Make sure there is no grease on the points surfaces. I dont think you can change the position of the coil toward or away from the magnets on that model. If you can't see the spark that doesn't mean its not there--you have to turn the flywheel past the magnet quickly before a spark will occur. My advice would be to turn the flywheel while hanging on to the wire with your hand and ground your hand at the same time--then you can be sure whether or not there is a spark. Its good therapy too.
S/T

 
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02-09-05, 07:08 PM   #11  
yea, this coil sits on a boss sticking out of the block. so it can rotate around it for timing, but can't move into the flywheel. I haven't been able to get out there to dig back into the thing yet.
I'll have to pull 4 of the head bolts to get the cover off. should I loosen all of them and retorq them all at the same time in the right pattern, or just not worry about it and torq the 4 back when I put the cover back on?

 
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02-09-05, 07:13 PM   #12  
I had already tried for the hand spark, but nothing. I'm looking for the spark when it's cranking over with the 110V starter, so I figure that should have enought speed to throw a spark if there was going to be one.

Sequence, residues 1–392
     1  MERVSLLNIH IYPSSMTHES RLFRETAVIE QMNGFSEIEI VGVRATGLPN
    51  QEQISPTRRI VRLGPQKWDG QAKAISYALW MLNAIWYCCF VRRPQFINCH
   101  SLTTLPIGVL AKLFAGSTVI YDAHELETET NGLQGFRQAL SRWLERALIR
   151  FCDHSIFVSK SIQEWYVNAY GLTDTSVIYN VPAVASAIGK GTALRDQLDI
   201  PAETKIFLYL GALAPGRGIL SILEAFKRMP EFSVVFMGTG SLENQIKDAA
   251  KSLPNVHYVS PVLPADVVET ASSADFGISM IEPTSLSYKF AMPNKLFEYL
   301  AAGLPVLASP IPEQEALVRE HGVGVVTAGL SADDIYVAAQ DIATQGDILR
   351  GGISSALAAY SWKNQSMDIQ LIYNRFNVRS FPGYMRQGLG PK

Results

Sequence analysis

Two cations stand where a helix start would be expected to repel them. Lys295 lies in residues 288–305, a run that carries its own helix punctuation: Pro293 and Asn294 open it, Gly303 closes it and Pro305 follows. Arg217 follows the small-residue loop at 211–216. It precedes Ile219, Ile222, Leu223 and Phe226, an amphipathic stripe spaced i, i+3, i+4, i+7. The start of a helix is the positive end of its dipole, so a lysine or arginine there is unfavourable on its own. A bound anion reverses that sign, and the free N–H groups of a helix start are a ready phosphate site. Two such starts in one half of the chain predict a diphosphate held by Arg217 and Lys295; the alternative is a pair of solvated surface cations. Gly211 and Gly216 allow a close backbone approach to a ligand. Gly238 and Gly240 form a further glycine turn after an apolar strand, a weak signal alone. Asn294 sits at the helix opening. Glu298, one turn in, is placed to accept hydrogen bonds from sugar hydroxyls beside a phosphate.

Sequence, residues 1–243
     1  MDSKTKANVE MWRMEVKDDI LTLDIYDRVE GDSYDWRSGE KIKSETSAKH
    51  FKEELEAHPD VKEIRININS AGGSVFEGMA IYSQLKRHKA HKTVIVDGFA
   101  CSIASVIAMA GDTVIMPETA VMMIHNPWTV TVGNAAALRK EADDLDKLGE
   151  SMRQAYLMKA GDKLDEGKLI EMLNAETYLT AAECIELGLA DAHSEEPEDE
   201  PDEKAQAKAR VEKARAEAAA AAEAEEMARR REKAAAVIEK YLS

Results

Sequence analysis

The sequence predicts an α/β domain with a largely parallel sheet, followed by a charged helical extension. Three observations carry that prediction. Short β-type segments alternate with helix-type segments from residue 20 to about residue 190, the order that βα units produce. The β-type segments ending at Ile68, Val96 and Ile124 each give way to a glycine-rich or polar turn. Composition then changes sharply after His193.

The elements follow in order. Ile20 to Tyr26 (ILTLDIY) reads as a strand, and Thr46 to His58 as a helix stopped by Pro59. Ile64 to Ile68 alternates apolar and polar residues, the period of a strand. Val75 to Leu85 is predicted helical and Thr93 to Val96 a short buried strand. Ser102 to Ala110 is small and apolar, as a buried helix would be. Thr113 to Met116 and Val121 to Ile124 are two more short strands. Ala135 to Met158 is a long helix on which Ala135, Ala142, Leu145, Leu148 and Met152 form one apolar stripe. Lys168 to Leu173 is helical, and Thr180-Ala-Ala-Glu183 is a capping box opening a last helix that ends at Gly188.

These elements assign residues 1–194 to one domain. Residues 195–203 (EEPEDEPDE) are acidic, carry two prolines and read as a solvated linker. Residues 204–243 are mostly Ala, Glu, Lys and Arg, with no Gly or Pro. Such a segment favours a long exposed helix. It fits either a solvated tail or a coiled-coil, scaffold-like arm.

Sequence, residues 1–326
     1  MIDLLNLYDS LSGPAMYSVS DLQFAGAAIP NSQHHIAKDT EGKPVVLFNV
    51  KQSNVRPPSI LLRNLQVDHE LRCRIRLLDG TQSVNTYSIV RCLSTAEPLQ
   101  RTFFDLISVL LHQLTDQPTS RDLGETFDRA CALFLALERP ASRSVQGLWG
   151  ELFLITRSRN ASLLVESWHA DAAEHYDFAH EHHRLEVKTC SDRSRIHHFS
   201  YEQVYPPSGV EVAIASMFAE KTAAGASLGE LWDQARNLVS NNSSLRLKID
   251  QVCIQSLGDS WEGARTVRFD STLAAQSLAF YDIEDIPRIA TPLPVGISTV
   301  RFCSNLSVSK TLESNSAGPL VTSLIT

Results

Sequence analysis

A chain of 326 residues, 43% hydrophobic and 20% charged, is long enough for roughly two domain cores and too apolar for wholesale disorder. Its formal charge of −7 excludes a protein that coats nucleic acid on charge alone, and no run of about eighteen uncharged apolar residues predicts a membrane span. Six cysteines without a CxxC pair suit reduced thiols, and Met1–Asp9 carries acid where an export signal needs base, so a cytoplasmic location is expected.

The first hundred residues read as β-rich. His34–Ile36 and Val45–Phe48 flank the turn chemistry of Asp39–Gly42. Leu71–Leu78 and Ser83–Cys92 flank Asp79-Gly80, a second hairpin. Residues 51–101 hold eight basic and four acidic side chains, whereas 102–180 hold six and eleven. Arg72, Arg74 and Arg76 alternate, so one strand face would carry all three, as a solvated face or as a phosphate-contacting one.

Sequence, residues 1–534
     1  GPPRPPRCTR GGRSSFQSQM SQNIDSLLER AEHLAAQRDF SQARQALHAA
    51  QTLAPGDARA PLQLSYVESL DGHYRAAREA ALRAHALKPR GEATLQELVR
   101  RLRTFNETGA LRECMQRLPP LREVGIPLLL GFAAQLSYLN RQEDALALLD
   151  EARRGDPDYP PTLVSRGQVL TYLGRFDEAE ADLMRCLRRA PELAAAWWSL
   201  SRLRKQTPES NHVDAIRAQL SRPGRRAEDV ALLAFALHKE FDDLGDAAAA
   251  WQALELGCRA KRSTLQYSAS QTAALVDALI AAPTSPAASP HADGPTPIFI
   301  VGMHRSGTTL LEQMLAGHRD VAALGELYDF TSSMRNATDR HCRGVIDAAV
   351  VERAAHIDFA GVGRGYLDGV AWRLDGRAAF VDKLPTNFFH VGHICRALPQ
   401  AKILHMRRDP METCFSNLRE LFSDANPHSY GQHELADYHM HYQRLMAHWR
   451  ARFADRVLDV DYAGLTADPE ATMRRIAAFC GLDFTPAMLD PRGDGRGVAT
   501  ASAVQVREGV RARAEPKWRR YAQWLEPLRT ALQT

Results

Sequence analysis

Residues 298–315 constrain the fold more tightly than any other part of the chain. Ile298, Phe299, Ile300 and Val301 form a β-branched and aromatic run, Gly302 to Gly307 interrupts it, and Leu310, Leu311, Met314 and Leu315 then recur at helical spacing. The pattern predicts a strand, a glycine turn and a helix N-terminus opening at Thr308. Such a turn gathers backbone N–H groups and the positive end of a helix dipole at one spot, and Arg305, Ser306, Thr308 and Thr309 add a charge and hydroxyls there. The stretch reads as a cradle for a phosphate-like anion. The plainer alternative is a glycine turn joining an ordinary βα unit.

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02-09-05, 09:28 PM   #13  
Try to disconnect the shut-off switch if you have no spark. If any of the off switches are shorted (may be a key & the control) to ground, the engine will not start. Disconnect the switches & re-check for spark!! 110V starter sounds like a snowblower & they may have more than 1 stop switch. Good Luck (R)

 
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02-10-05, 08:34 AM   #14  
You should have a zipper on this, eh? Remove all ground wires from the point junction block. This will eliminate any bare wire trouble in any of the kill wire(s) as the culprit. You likely only have one but may have two such wires. Once removed check for spark. With point ignition, it takes very little RPM to produce spark. In other words, merely slip on the flywheel and take short, rocking strokes with the magnets passing the magneto and this will be enough to check for spark. You should then, with all you've done, have spark. You will then have to determine where the ground problem is coming from (wire, kill terminal, wire end).